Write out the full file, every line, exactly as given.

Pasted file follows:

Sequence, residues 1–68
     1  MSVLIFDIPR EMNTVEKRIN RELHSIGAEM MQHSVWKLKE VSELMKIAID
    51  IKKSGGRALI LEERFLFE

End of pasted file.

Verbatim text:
Sequence, residues 1–68
     1  MSVLIFDIPR EMNTVEKRIN RELHSIGAEM MQHSVWKLKE VSELMKIAID
    51  IKKSGGRALI LEERFLFE